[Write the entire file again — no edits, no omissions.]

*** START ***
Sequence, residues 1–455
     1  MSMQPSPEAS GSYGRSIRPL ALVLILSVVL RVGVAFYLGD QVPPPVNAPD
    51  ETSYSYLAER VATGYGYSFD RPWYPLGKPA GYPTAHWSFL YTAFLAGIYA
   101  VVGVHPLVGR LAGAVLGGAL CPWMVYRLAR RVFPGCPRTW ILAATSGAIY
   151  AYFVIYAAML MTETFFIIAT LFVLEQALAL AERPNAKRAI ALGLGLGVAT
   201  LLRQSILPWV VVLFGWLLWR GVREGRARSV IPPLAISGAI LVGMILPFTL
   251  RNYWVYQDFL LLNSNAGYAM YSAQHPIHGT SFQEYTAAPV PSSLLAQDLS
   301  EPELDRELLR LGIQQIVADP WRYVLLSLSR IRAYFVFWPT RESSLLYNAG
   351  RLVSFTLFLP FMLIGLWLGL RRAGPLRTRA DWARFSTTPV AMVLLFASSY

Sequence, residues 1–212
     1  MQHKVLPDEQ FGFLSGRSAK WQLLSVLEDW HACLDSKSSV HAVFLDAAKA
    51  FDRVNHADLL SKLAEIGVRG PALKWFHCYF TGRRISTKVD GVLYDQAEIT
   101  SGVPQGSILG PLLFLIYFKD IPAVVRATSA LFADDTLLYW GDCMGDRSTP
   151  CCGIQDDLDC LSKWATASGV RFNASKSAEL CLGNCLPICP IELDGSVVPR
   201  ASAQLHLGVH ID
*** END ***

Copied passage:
Sequence, residues 1–455
     1  MSMQPSPEAS GSYGRSIRPL ALVLILSVVL RVGVAFYLGD QVPPPVNAPD
    51  ETSYSYLAER VATGYGYSFD RPWYPLGKPA GYPTAHWSFL YTAFLAGIYA
   101  VVGVHPLVGR LAGAVLGGAL CPWMVYRLAR RVFPGCPRTW ILAATSGAIY
   151  AYFVIYAAML MTETFFIIAT LFVLEQALAL AERPNAKRAI ALGLGLGVAT
   201  LLRQSILPWV VVLFGWLLWR GVREGRARSV IPPLAISGAI LVGMILPFTL
   251  RNYWVYQDFL LLNSNAGYAM YSAQHPIHGT SFQEYTAAPV PSSLLAQDLS
   301  EPELDRELLR LGIQQIVADP WRYVLLSLSR IRAYFVFWPT RESSLLYNAG
   351  RLVSFTLFLP FMLIGLWLGL RRAGPLRTRA DWARFSTTPV AMVLLFASSY

Sequence, residues 1–212
     1  MQHKVLPDEQ FGFLSGRSAK WQLLSVLEDW HACLDSKSSV HAVFLDAAKA
    51  FDRVNHADLL SKLAEIGVRG PALKWFHCYF TGRRISTKVD GVLYDQAEIT
   101  SGVPQGSILG PLLFLIYFKD IPAVVRATSA LFADDTLLYW GDCMGDRSTP
   151  CCGIQDDLDC LSKWATASGV RFNASKSAEL CLGNCLPICP IELDGSVVPR
   201  ASAQLHLGVH ID